Unveiled: Knife arch set to help tackle crime in Oswesty

This is the first glimpse of what revellers in Oswestry town could face on a night out. A metal detecting knife arch is being set up in the town to search for knives.

Unveiled: Knife arch set to help tackle crime in Oswesty

The aim of the arch is to make sure knives do not find their way into pubs and clubs.

PC Pete Dale, based at Oswestry Police Station, said it was an "extra tool" to assist in keeping the public safe.

He said: "Really our message is simple, people are stupid if they think it's acceptable to carry around knives with them. Many people use the excuse that they carry them for self defence but I'm afraid that's not the answer.

"The vast majority of people won't have any problem with walking through this arch but we do look out for those who spot it and walk away or refuse to go through it, if you have nothing to hide, walking through it shouldn't be a problem."

PCSO Andy Neeves, also based in Oswestry, said revellers shouldn't feel alarmed if they see the arch while they're out on the town.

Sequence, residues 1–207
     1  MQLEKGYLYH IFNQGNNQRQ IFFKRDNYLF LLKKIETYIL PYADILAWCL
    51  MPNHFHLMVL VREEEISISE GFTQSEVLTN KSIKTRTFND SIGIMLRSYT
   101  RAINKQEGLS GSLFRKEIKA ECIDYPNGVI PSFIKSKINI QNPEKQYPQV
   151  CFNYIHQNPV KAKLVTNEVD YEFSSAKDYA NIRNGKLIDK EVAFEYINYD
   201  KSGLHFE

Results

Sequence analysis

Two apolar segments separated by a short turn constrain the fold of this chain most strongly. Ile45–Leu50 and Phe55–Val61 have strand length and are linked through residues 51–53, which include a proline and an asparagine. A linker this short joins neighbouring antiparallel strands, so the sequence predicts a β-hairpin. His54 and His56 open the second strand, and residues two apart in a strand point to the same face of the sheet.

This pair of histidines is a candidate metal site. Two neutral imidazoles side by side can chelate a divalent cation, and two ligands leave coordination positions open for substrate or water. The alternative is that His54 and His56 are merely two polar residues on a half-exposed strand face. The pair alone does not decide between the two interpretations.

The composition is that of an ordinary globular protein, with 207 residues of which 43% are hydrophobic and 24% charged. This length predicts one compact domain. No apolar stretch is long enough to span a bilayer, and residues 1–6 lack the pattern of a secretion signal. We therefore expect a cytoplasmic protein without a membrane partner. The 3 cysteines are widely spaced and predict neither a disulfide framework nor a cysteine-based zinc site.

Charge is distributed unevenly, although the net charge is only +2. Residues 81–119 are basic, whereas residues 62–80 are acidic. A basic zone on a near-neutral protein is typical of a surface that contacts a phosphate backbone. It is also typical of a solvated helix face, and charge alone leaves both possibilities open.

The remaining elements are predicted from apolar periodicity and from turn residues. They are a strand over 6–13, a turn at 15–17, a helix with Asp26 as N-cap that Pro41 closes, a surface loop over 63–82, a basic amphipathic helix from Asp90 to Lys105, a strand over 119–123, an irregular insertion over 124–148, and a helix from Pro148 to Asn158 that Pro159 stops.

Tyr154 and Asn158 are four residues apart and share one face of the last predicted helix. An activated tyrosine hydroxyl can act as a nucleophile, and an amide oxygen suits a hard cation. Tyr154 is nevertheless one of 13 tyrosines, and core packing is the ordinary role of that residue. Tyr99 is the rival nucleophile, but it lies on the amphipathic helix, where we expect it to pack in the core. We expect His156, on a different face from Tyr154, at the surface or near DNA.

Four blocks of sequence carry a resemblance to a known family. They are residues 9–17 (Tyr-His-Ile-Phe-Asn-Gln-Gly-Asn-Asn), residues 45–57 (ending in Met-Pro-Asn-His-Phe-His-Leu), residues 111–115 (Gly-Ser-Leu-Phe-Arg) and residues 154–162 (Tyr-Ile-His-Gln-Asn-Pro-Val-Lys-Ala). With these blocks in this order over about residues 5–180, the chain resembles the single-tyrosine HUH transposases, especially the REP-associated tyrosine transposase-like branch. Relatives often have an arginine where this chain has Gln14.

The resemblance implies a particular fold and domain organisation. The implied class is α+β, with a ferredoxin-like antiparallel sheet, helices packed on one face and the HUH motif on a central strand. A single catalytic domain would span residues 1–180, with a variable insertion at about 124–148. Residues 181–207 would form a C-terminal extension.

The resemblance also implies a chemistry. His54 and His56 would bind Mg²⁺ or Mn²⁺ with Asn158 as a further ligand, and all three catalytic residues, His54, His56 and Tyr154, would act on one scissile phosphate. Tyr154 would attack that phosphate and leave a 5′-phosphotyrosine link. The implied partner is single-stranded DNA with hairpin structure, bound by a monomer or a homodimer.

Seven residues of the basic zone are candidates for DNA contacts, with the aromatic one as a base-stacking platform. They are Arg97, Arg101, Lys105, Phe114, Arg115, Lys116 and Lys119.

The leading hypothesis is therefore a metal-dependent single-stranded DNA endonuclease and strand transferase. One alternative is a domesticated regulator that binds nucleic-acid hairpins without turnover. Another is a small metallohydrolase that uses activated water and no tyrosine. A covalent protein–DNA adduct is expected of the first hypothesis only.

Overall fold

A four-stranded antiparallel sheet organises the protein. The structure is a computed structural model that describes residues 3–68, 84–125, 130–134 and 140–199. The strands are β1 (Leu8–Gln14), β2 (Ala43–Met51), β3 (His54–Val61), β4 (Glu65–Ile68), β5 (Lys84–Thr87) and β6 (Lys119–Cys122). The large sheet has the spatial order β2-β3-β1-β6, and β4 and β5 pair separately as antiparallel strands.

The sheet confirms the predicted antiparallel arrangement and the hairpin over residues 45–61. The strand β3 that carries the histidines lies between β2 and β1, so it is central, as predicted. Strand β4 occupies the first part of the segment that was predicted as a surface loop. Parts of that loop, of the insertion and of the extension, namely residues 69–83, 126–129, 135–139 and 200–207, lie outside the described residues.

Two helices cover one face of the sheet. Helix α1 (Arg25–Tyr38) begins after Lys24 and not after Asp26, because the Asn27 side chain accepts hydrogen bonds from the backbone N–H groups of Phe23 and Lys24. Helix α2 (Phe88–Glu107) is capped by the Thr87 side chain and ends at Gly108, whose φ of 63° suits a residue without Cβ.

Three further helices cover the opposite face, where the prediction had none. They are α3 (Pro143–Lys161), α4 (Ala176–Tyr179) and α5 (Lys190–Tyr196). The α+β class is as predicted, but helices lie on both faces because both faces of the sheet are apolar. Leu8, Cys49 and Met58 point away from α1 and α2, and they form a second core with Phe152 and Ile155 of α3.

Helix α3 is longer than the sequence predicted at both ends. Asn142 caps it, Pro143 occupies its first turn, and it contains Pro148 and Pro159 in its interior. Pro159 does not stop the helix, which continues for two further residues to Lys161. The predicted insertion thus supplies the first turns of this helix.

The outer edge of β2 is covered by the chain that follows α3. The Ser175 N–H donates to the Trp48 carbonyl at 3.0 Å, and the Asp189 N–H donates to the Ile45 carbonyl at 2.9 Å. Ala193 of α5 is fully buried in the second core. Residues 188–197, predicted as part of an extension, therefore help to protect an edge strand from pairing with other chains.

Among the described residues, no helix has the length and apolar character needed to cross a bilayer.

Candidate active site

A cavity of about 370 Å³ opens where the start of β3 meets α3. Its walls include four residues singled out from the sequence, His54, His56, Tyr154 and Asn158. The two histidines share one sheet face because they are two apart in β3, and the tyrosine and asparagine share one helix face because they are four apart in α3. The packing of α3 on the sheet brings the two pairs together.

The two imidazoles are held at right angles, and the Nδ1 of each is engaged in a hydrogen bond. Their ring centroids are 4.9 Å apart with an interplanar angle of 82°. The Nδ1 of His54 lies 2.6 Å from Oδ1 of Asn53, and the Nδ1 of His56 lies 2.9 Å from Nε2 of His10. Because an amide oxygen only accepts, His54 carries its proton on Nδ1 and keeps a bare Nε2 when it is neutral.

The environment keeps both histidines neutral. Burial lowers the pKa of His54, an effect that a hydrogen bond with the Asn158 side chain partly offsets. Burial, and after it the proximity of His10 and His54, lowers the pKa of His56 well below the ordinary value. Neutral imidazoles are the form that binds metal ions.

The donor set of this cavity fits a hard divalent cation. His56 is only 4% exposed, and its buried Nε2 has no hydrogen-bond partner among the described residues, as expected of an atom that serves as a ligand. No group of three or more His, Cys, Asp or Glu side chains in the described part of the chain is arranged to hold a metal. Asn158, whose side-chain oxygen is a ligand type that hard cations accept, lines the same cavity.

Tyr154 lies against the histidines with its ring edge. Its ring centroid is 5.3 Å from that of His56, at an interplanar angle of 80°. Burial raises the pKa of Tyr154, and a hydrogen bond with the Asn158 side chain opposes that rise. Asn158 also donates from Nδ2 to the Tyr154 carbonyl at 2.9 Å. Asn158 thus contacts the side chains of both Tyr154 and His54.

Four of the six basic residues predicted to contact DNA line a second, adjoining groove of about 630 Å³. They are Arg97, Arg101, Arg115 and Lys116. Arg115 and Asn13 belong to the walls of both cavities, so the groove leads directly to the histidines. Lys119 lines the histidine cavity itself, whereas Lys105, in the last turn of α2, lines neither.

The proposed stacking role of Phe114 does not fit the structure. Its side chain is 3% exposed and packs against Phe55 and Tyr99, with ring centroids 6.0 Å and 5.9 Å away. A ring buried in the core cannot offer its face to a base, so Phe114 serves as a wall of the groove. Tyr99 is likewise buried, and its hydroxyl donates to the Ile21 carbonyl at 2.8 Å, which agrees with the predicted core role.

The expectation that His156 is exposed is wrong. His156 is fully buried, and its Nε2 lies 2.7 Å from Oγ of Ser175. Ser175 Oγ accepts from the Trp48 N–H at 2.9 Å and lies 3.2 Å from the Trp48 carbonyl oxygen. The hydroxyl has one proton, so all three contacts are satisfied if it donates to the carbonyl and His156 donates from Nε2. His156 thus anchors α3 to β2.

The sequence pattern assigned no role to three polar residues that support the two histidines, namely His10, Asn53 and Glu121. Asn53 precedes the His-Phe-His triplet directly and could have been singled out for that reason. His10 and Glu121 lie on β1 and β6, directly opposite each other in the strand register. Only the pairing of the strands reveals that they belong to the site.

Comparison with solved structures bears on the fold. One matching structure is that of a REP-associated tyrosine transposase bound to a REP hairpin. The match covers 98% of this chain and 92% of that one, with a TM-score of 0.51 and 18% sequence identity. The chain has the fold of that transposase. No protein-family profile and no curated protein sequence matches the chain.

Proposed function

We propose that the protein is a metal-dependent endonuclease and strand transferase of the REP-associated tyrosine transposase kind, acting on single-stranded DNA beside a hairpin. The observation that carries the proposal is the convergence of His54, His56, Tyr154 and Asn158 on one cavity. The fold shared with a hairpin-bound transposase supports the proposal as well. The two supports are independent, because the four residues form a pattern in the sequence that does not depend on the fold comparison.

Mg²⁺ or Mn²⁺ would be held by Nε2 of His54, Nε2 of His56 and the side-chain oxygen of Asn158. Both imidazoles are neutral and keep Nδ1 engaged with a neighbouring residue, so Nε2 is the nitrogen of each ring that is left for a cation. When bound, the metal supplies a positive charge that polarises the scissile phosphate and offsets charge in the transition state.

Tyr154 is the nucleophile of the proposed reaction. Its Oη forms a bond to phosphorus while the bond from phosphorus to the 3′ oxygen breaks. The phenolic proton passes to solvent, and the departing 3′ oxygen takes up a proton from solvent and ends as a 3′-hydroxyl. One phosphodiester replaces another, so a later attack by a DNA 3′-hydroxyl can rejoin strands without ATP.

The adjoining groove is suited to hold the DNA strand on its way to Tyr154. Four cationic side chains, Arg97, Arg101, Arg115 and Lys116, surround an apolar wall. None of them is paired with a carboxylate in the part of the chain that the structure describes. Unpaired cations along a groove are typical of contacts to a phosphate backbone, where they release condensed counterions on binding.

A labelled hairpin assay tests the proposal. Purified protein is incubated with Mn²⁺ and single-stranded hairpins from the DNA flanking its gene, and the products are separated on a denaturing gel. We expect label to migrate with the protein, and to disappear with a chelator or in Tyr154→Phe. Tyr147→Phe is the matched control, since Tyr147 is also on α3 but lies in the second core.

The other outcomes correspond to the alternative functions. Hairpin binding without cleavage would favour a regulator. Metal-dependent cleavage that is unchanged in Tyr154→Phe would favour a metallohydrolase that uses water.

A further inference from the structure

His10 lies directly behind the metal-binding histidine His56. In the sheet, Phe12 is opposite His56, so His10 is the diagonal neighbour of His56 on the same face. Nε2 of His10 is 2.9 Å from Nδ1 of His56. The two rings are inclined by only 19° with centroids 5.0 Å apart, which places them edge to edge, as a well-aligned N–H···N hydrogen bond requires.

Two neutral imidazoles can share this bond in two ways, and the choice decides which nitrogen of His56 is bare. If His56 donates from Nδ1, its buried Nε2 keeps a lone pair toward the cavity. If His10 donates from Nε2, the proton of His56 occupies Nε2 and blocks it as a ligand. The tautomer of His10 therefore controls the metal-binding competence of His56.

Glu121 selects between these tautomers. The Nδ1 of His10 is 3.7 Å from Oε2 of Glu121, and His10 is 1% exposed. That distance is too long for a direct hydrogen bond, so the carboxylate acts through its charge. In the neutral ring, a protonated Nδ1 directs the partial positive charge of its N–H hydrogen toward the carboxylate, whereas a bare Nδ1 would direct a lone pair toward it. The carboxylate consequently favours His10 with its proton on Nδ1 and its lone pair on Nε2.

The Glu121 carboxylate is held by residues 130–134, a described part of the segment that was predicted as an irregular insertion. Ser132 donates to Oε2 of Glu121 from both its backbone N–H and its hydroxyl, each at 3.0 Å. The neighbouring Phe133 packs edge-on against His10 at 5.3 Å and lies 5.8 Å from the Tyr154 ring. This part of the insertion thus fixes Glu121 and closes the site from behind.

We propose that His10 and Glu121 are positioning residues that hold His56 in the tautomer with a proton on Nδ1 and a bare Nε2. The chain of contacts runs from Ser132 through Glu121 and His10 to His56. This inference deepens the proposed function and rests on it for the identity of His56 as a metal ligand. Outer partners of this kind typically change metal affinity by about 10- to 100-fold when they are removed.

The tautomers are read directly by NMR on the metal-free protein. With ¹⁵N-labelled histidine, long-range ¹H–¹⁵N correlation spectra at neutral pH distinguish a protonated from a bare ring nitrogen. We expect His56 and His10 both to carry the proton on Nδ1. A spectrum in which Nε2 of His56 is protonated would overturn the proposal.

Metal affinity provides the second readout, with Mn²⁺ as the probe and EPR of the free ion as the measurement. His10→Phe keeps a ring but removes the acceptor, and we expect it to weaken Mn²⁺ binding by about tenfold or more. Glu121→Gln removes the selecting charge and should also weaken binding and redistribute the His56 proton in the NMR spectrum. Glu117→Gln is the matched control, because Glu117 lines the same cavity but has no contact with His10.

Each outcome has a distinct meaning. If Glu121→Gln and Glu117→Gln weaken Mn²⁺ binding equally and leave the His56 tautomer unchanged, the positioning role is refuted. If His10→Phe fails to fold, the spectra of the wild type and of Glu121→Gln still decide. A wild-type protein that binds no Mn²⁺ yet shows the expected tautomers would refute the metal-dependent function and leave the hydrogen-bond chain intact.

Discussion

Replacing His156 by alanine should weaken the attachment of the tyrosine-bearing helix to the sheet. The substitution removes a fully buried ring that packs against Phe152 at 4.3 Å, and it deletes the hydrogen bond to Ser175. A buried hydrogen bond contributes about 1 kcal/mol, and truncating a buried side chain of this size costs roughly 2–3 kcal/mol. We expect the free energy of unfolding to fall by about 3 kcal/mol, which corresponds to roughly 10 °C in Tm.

He said: "This isn't designed to be intimidating, this is designed to protect the public.

"We also want to assure the public that this isn't being used in Oswestry because knife crime is a big problem in the town, it's really to back up what the British Ironwork Centre is doing with its Knife Angel project."

The arch works similarly to how a walk-through airport-style metal detector does. If the device picks up any metal objects it makes a loud beep and flashes a red light.

Meanwhile, robust measures – including the use of drug detecting wipes – are being used to crack down on drug use in market towns.

Publicans in Oswestry, Market Drayton, Whitchurch and Wem will be able to wipe surfaces in their pubs to determine whether drugs have been used on the premises – for example in the toilets.

Sergeant Keith Steele, of West Mercia Police, said if the wipes change colour, that shows whether drugs have been used on that particular surface.

He said the wipes are being used in a bid to tackle recreational drug use – particularly cocaine – in Shropshire's market towns.

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